Around the world ‘development’ is robbing tribal people of their land, self-sufficiency and pride and leaving them with nothing.
Watch this short, satirical film, written by Oren Ginzburg and narrated by actor and comedian David Mitchell, which tells the story of how tribal peoples are being destroyed in the name of ‘development’.
This is still happening today, in India, Ethiopia, Canada and elsewhere with devastating consequences.
The government of Ethiopia, which is one of the biggest recipients of American and British overseas aid, is forcibly resettling 200,000 self-sufficient tribal people, including Mursi, Kwegu and Bodi, leaving thousands with no land, cattle herds or livelihood. Unable to sustain themselves they say they are now just ‘waiting to die’. The Prime Minister justified this plan, in a country renowned for famine, by claiming it will give the tribes ‘a modern life’.
The beneficiaries of this ‘development’ are being arrested, beaten and raped. Their grain stores are being destroyed in an effort to force them to give up their lands and their ways of life. The result will be a humanitarian catastrophe.
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Three generations overlooking the Omo River, Ethiopia.
Happy and Thriving
Dongria woman collecting food.
Tribal peoples living on their own lands generally thrive. Research shows that the world’s richest billionaires are no happier than the average Maasai herder. However, many governments view tribal peoples’ self-sufficient ways of life as ‘backward’ and embarrassing, often coupled with a desire for the tribes’ lands. Tribal people are forced to comply with other people’s notions of ‘progress’ – usually by becoming settled farmers and having to join the mainstream market economy.
The Dongria Kondh from India grow over 100 crops and harvest almost 200 different wild foods, which provide them with year-round, rich nutrition even in times of drought. They have rejected attempts to be assimilated into the mainstream.
‘It’s crazy when these outsiders come and teach us development. Is development possible by destroying the environment that provides us food, water and dignity? You have to pay to take a bath, for food, and even to drink water. In our land, we don’t have to buy water like you, and we can eat anywhere for free’. –Lodu Sikaka, Dongria Kondh
Forced to Change
Tribes, such as the Penan of Malaysian Borneo, are pushed into alien settlements and told to practise ‘modern’ agriculture, despite having an encyclopaedic knowledge of their own environments, which have sustained them, and the biodiversity of their forests, for generations. They are moved to make way for giant dams. These moves are justified by the notion that a transition from hunting and gathering to farming is ‘progress’.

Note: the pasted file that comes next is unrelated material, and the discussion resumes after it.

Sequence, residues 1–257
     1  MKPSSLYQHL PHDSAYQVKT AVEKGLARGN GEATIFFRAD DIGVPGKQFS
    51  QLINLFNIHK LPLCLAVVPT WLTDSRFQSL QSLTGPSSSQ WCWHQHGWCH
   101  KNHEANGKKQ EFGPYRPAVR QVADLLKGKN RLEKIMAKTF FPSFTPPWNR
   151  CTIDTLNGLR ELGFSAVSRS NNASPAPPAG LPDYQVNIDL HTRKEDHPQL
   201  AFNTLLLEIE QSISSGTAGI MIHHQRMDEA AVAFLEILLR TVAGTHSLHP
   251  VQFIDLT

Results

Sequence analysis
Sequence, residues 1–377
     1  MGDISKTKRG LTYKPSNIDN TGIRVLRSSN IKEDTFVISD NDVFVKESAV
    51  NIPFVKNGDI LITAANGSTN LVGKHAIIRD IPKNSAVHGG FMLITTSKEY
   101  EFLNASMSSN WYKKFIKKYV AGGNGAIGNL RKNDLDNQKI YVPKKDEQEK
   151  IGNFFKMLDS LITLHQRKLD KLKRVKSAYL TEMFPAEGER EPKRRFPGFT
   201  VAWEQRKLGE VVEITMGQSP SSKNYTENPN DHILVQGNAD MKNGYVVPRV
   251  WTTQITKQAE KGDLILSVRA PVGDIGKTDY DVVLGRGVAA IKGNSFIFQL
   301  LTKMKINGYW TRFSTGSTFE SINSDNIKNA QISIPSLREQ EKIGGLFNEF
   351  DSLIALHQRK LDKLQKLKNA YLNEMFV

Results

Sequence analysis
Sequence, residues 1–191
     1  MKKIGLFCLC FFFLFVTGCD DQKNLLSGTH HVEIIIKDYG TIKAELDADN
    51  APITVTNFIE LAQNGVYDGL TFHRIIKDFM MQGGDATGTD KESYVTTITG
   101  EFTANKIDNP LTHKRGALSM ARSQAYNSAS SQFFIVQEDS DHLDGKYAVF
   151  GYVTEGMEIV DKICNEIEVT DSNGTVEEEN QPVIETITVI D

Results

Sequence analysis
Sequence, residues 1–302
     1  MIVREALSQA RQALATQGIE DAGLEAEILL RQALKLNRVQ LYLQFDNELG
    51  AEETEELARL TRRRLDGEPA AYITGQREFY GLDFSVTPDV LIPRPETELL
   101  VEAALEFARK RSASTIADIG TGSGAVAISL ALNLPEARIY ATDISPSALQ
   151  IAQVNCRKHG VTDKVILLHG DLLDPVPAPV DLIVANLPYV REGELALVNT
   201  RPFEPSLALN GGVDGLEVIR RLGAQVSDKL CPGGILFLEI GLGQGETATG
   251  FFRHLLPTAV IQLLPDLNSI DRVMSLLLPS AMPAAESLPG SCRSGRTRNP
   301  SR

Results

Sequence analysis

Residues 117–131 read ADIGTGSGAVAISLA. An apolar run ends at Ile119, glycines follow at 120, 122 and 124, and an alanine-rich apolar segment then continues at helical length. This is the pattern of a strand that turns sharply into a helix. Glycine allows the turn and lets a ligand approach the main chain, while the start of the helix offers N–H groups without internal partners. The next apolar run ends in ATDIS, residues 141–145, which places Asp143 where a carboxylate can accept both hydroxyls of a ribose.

‘Outsiders who come here always claim they are bringing progress. But all they bring are empty promises. What we’re really struggling for is our land. Above all else this is what we need’ – Arau, Penan, Sarawak
The Guarani from Brazil are forced to live by the roadside. Robbed of their land, hundreds of Guarani have committed suicide, including children as young as nine.
Tribal peoples forced to abandon their traditional food growing, hunting and gathering practices lose their self-sufficiency and are left at the mercy of markets they do not understand and which often exploit them.
As in the There You Go film, tribes faced with this sort of ‘development’ go from independent, thriving communities – kings of their own land – to scraping a living at the very margins of society. Faced with these pressures, and the up-rooting of their ways of life, tribal societies often break down, leading to devastatingly high rates of addiction, suicide and chronic disease.
‘What kind of development is it when the people lead shorter lives than before? They catch HIV/AIDS. Our children are beaten in school. Some become prostitutes. They are not allowed to hunt. They fight because they are bored and get drunk. They are starting to commit suicide. We never saw that before. Is this ‘development’?’ – Roy Sesana, Gana Bushman, Botswana
Land and Choice
This does not mean that tribal people don’t want change: like all peoples, they are constantly changing and evolving. But they must choose and control the direction of this change, not have it imposed upon them by outsiders. The most important factor, by far, for tribal peoples’ well-being is whether their land rights are respected. Once their land is secured they are in a strong position to make their own choices about their ways of life and what ‘development’ they want.
‘It’s not that the Yanomami do not want progress, or other things that white people have. They want to be able to choose and not have change thrust upon them, whether they want it or not’ – Davi Yanomami, Brazil.
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